I often give parents the following advice: Praise effort not outcomes.
It applies just as much to adults, including ourselves.
Cultivate the mental habit of evaluating and praising your effort not the outcomes of your effort.
Whatever good or focused thoughts, wishes, or prayers you put out there, shit happens and it won’t be fair.
The expectation of fairness is a form of psychosis—it’s a detachment from reality.
That doesn’t mean we shouldn’t work to create a world that is more fair and just. It doesn’t even mean that we shouldn’t hope for fairness. But to expect it is foolish.
The Just World Fallacy is the beating heart of suffering.
You can like what you do with your choices, even if you don’t love yourself.
Many people seem to demand that they love themselves—all the time and with utter purity.
Seems like a high bar.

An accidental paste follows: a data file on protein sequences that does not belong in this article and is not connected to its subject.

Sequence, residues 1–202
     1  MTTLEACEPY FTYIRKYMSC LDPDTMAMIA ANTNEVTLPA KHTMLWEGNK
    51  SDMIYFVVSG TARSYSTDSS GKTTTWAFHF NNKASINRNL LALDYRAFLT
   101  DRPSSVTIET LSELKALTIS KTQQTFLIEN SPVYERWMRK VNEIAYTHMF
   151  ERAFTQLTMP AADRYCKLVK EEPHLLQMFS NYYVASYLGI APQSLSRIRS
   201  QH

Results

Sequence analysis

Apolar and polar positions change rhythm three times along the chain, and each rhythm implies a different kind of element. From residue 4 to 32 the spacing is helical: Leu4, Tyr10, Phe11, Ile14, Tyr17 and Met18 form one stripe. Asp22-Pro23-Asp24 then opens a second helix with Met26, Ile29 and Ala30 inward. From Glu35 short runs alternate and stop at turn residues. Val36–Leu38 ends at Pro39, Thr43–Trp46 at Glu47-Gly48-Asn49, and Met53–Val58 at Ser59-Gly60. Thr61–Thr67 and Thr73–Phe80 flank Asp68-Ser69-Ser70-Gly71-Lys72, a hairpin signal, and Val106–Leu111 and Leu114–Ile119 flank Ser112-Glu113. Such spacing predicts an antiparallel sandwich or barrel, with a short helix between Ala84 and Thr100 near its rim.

In my experience, the willingness to settle for self-like is more doable and far more pleasant.
On Other People
Knowing when you can’t make people happy, even when you want to with your whole heart, is essential to changing your goal to one that’s constructive and achievable instead of dangerous and exhausting.
“Make people happy” is an oxymoron.
No one has direct control over their emotions, and certainly not over those of other people.
You can take actions which may indirectly help people to achieve their own happiness with time. But there are a lot of steps there—a lot of contingencies—between your desire for someone else’s happiness and their realization of it.
Adjust your expectations accordingly.
Living with a broken heart is hard, but it can never doom you to being a broken person.
Death is the only time we break as people.
When people chronically feel broken it’s not because they don’t understand this intellectually. It’s because they spend their whole lives telling themselves the opposite in their heads.
How we feel is the result of how we think. And how we habitually feel is the result of how we habitually think.
Want to feel less broken? Cultivate more realistic habits of mind and self-talk.
Working hard at managing love doesn’t mean becoming supremely unselfish and generous in a totally unconditional, nonjudgmental way; it means becoming very judgmental about what you can expect from other people and yourself and putting conditions on whom you allow yourself to get close to, love be damned.